Monday, February 24, 2014

Taking Care of Their Hearts (AKA Mid-Year Social Skills)

Hey, friends. I was all set to do a completely different blog post today, one about the math work we are doing right now, including a freebie and announcing the upcoming TpT sale.  And I'll get to that post soon, but today, something else, something arguably more important, has stopped me in my tracks.

The tagline of my blog and TpT store is "Taking care of little minds and hearts".  Yes, the academics are important. But equally important is the fact that my babies are six and seven, and sometimes being six and seven is hard. And being adults long past six or seven, sometimes we have to consciously remind ourselves of this.

Today we were waiting for buses and there were only a few kids left in my classroom, happily chatting and playing Silent Owl (silent ball with a stuffed owl). I was walking around the classroom, changing the date and class schedule on the whiteboard to get ready for tomorrow, and tidying up around the room.  And there on the floor near our coat closet, I found this:
Cute, huh?  I'm not sure exactly what is going on in this picture, maybe a birthday party with a balloon and cake?  At a swimming pool?  Outside in the sun?  Regardless, it's cute.  Smiling people, clearly a picture about something that made the child artist happy. And then I turned it over to look for a name.  And I saw this:

I literally felt my heart sink.  The rest of the kids were called to their buses and the room was empty and I was standing there holding a picture that someone felt the need to write that on.  I have no idea whose it is. The spelling doesn't give it away because I have a very high class this year and many of them would have no trouble writing this well.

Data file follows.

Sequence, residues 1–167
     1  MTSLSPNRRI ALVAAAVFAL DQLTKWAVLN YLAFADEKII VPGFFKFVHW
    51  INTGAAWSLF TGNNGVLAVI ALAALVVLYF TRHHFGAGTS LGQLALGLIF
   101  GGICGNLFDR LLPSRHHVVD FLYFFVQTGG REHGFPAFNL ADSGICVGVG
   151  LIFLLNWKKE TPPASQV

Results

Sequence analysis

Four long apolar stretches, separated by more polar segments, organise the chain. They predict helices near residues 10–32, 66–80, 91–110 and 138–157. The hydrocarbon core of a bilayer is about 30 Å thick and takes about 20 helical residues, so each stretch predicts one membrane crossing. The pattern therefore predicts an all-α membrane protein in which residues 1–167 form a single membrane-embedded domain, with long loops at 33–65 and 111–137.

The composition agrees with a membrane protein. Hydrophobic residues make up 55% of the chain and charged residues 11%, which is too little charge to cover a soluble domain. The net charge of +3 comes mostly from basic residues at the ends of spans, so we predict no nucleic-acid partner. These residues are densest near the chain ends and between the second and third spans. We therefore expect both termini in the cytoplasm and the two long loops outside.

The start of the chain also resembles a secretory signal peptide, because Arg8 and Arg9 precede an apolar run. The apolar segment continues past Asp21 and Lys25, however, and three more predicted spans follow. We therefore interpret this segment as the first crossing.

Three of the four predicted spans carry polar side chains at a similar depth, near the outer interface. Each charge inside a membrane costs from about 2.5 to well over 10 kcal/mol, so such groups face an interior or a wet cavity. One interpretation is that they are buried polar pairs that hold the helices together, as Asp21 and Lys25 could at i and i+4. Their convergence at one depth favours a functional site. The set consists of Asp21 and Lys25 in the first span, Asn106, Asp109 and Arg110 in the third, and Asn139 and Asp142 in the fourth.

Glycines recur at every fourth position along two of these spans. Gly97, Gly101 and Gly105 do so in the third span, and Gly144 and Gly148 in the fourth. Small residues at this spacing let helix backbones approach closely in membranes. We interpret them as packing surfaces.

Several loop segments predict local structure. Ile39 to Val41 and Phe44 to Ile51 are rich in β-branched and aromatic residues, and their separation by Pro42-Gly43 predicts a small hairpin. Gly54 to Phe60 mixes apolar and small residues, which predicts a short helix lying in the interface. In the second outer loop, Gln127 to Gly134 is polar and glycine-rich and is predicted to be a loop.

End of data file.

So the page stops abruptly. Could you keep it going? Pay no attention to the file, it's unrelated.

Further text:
So now I am trying to decide what to do.  My class this year has needed a lot of work on social skills, taking turns, working together, thinking of others.  If you remember, in one of my recent posts, some of them truly thought that doing their homework was considered an act of kindness.  The thing is, not one of them is a mean kid.  Sometimes you have really difficult and negative kids or kids who have poor attitudes or are mean to others.  My kids are not like that.  Each one of them is truly very sweet, but I have a lot of kids who struggle with impulse control and think of themselves before others.  Some of this is just the egocentricity of their age, and some of it I think it just the mix of personalities and the fact that a group of my boys are neighbors and it's a lot of togetherness. They are all really neat kids, some just happen to need more work on social skills.  And so tomorrow, we will take the time to address this in an impromptu class meeting.  I don't even plan to show them the picture, just bring it up as a hypothetical and act out some solutions.  We do this pretty regularly, and I have seen some improvements.

Which brings me to some of the other things that have helped my class to take care of each others' hearts this and every year:

1. The Social Skills Picture Book:
I. Love. This. Book.  Yes, it is technically a book for students with autism.  But it's also just a book that clearly names and defines basic social skills.  I was introduced to it by a longtime first grade teacher who used it in her class for years, and I have used it with my class every September for the past few years.  It's not a book you read to the kids.  But it introduces some basic social skills that are important to every class, such as taking turns when talking, how to listen, "don't be a space invader" (personal space), etc.  It gives very clear names to these behaviors and includes realistic pictures of the behaviors.  I usually introduce one social skill during most morning meetings and act out examples as well as nonexamples. (The kids find nonexamples hilarious, but they are actually a comfortable way to show kids - "Hey!  You know how you've been shoving to get in line first?  Not cool. Try this instead.")  Plus it gives our class common language for expectations and redirection.

2. Monthly class meetings:

We start each month with a class meeting.  We begin by sitting in a circle and doing affirmations.  I start by turning my body to the student to my left and I say, "Good afternoon, Milo.  I like you because when things are hard, you keep trying." Then Milo says thank you and tells me why he likes me.  Then he turns to the person on the other side of him and starts a new affirmation.  We go the whole way around the circle.  It actually only takes a few minutes because my students know they have to listen to other people's affirmations and give them respectful quiet while they are talking (this is your basic Responsive Classroom stuff).  Affirmations have to be about "inside" things, not about what they are wearing, or how fun their birthday party was.